May 7, 2010

Choosing a Pet

Filed under: adopting,pet shop — Dr. Amber Reed @ 9:12 pm

We often consider our relationship with our pets as one-sided.  We are the providers and we care for our pets but the truth is that our pets can also care for us.  Still, it is important to choose a pet that fits your lifestyle rather than expecting your pet to adjust to the way you live.  Puppies and kittens are cute but they are also a big responsibility so you must make an educated decision with regards to pet ownership.

Research from around the world has shown that people with pets tend to be happier than people without pets.  When choosing your pet, you want to make a number of lifestyle considerations first.  Ask yourself about your activity level.  Do you love to spend time outdoors or are you a homebody?  People who spend most of their time at home should choose a pet that can live comfortably indoors most of the time.  Cats or bunnies might be a great choice; whereas, if you prefer to spend lots of time outside running, walking, or hiking, a dog might be a great choice.

You also have to consider your family when choosing a pet.  If you have small children or elderly people living in your house you need to think carefully about the energy level of your pet.  Small dogs can be energetic but also may become scared of overzealous children.  Likewise, large, active dogs may be a nuisance to elderly people.  Try to find a pet with personality characteristics that would easily blend into your family.

Finally, you need to consider how much time you have.  It’s not fair to get a dog, cat, or other pet when you know you’ll never be home.  Pets will almost certainly live for several years (10 to 15 for dogs and cats and as many as 30 for birds, for example) and you should ensure that you will be able to give them the attention they need.  Remember that pets are a great addition to your family but you also need to be responsible for their well-being.

February 26, 2010

Thinking of Getting a Puppy? Should You Buy from a Breeder or a Pet Shop?

Filed under: breeders,buy from a breeder,pet shop,purchase puppies from the pet shop — Dr. Amber Reed @ 7:35 am

getting a new puppyThe first decision that faces anybody who wants a puppy is where to get it from. You can adopt a puppy, which is always a great option because you’re saving a loving animal, but you can also get a young puppy from a pet shop or a breeder. Unfortunately, there is no easy way to make the decision and ultimately, your choice will depend on your personal preferences.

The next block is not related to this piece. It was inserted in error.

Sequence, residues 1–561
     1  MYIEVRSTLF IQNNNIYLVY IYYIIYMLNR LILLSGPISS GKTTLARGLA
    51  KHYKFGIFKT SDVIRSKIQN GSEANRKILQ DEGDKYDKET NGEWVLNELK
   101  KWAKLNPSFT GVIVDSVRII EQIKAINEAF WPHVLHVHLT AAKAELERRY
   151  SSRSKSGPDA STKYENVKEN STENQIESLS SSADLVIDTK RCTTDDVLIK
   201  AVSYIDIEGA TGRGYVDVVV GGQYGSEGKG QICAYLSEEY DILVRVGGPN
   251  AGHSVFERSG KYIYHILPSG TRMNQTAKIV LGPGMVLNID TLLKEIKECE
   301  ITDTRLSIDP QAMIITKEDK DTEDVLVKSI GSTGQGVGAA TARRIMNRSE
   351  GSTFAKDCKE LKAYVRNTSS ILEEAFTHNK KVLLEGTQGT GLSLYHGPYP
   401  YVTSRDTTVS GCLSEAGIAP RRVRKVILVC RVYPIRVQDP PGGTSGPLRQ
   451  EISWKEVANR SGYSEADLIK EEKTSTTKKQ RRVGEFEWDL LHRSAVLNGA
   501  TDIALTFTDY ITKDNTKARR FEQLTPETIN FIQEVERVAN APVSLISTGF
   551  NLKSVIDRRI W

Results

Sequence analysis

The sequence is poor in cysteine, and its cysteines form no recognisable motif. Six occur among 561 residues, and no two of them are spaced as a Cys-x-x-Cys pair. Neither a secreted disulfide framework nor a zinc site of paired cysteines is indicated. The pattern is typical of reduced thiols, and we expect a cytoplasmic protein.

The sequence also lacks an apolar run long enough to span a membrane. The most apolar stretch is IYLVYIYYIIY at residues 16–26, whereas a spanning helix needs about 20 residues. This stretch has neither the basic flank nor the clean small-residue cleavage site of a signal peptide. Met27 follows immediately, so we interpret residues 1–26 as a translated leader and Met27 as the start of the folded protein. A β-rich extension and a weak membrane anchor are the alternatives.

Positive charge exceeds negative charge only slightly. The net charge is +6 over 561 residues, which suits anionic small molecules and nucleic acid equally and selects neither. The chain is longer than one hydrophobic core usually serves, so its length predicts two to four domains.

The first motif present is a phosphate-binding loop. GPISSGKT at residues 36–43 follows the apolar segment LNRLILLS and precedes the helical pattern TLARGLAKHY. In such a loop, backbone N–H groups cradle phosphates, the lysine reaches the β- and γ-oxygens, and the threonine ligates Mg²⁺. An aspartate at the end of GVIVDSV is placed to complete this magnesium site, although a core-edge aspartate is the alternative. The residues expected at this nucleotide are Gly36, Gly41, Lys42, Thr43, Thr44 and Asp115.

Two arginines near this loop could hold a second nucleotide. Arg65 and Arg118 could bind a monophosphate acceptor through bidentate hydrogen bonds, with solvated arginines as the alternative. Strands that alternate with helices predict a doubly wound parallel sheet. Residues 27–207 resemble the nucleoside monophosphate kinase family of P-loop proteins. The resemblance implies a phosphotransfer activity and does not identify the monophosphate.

getting a new puppyPet shops are often associated with horror stories of animal treatment. Hundreds of dogs, cats, and other animals packed into a small space receive the minimal care required. How can pet shops not be a bad thing? It’s true, before you buy a dog form a pet store you need to do your research. Find a pet store with a good reputation and visit first. Decide if the animals are well cared for, in clean living environments, by loving professionals. In such cases, you can feel confident that you’re getting a happy and healthy puppy. But remember, there are pet shops that do not live up to these minimal standards and you run the risk of getting a dog that has various health or social problems.

Breeders are often a great alternative, especially if you want to make sure your dog is well cared for. Breeders, whether professional or not, often have much fewer animals to care for and their living conditions are much better. Dogs from professional breeders generally have good temperaments, are healthy, and friendly. Unfortunately, when you go through a breeder, you have much fewer options available to you. Usually, you can only select from one breed and there may only be one or two puppies at the time.

Ultimately, there are pros and cons to both pet shops and breeders. You need to consider your own opinions and do some research before you decide where to buy your dog.

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Disclaimer: CritterCures is an educational resource, and all information herein is strictly for educational purposes. It is not intended to diagnose, treat, prevent, or cure diseases, nor is it meant to replace the (prescribed) treatment or recommendations of your veterinarian or healthcare provider. Always inform your veterinarian or healthcare provider of any products that your pet are taking, including herbal remedies and supplements.